Today, August 6th
The Savoy Hotel opened in London on this day in 1889. It could hardly fail, considering it had the right position (on The Strand), the right manager (Cesare Ritz), and the right chef (Auguste Escoffier). It was the first British hotel to be fully electrically lit, and to have private baths. A welcome sanctuary for the weary nineteenth century traveller.
The site was another sort of sanctuary for several centuries in the past – a sanctuary for far more disreputable (I hope!) guests. Debtors and other escapees from the law to be exact. First, I need to tell you something about the name of the hotel. Have you ever wondered why ‘Savoy’? The House of Savoy was the oldest dynasty of royals in Europe, with a history of a thousand years of rule over an area that now encompasses part of South East France, part of Switzerland, and part of Italy. The dynasty was formally ended in 1946 when their residual empire (the Kingdom of Italy) became a republic, but a thousand years of influence ensured that the name ‘Savoy’ retained its regal connotations.
There was a Savoy Palace on the site long before there was a hotel. It was built by the Earl of Savoy in 1245, and had a long and colourful history and numerous incarnations – which are well beyond the scope of this site, and well beyond my range of knowledge. At some point in medieval times, it became an official place of sanctuary. There were a number of these in London – others were around the Carmelite Friary of Whitefriars, the Mint, the Inns of Court, and the area around the Clink prison (you’d think that would have been too close for comfort for escapees from the law, wouldn’t you?). The right of sanctuary ended in 1697, at least until the travellers version became available on the site with the opening of the hotel.
There are a number of foods with the ‘Savoy’ name – and aside from the cabbage, which presumably grew well in the mountains of the Savoie, most of the others are dishes which have some elegance or extravagance about them. We have:
- Savoy Biscuits: long finger-shaped sponge biscuits (sometimes called Ladies Fingers), the batter being piped out from a Savoy bag; often iced or joined in pairs, and sometimes forming the basis of a trifle.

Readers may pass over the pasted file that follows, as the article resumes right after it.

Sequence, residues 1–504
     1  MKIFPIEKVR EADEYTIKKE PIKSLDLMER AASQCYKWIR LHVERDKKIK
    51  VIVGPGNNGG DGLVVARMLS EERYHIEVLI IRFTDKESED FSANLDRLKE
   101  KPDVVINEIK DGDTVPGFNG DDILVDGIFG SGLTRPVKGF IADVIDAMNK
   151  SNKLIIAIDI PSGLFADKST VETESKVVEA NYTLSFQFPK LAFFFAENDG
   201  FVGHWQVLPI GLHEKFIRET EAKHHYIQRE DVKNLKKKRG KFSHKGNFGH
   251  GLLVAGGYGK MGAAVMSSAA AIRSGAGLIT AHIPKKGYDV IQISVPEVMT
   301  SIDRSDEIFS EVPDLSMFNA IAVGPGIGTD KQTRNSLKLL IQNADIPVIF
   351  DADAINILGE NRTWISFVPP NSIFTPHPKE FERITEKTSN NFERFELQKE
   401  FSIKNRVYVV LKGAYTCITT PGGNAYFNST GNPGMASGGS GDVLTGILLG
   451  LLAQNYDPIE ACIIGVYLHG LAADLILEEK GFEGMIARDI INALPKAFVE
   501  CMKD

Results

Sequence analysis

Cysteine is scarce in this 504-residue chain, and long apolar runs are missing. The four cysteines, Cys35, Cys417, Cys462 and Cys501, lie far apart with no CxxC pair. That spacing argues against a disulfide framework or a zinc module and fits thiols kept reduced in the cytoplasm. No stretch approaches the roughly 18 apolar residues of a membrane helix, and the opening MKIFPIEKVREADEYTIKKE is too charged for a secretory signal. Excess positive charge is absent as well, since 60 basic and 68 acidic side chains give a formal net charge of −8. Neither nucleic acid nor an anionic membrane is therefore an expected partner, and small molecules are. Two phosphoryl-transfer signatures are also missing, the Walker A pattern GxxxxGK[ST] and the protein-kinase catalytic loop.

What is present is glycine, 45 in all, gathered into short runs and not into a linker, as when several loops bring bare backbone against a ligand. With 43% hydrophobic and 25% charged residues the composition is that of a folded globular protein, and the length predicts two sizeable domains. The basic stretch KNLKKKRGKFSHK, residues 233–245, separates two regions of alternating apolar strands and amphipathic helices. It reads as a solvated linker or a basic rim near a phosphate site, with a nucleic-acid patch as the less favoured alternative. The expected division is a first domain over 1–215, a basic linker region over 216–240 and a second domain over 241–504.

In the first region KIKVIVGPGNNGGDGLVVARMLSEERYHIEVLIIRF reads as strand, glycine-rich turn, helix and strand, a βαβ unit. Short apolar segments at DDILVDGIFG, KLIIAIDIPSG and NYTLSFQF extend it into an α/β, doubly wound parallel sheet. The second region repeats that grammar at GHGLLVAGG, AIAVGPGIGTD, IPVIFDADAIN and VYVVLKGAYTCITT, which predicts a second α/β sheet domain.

- Savoy Cakes: something like a pound cake or a sponge cake, baked in shaped Savoy moulds (one nineteenth century menu describes them as being ‘like turbans’)
- Savoy Pudding: made with stale Savoy Cake.
I briefly misread the title of the recipe I give you today as ‘Savoy Toasts’, not ‘Savoury Toasts’ as it immediately precedes the Savoy Biscuit recipe in Cassell’s Dictionary of Cookery (1870s). I decided to give it to you anyway, because ‘Savoy Toasts’ makes leftovers on toast sound very posh and royal.
Savoury toasts may be served as relishes at breakfast or luncheon, or they may fill a corner at the dinner table. They may be varied at pleasure, and if agreeably flavoured, will constitute appetising trifles at small expense. To prepare them, cut some slices of crumb of bread, half an inch thick, toast them, butter thickly, and spread upon them any highly-seasoned savoury mixture. Put them into the oven to make them hot, and serve. Any cold ragôut or stewed vegetables heated in thick sauce, grated ham or tongue beaten up over the fire with egg and cream till thick, truffles or mushrooms, stewed in butter, seasoned and minced, or any similar preparation may be used to spread upon the toasts. Anchovies pounded may be used in this way also. They are prepared as follows: - Wash and bone the anchovies, mince them finely, and pound them to a paste in a mortar with a little piece of butter and a moderate quantity of cayenne. Work the whole to a smooth paste, spread it upon the buttered toast, and put it into a Dutch oven till it is quite hot.
I’ll give you a real Savoy cake recipe another day, I promise. Next week, in fact. Even better, I'll also give you Potage à la Savoyade. Next week we are going to dine in mid-nineteenth century France for the whole week. Now that's something to look forward too!
Tomorrow’s Story …
Wasting Food is an Offence.
Quotation for the Day ….
England is merely and island of beef swimming in a warm gulf stream of gravy. Katherine Mansfield; The Modern Soul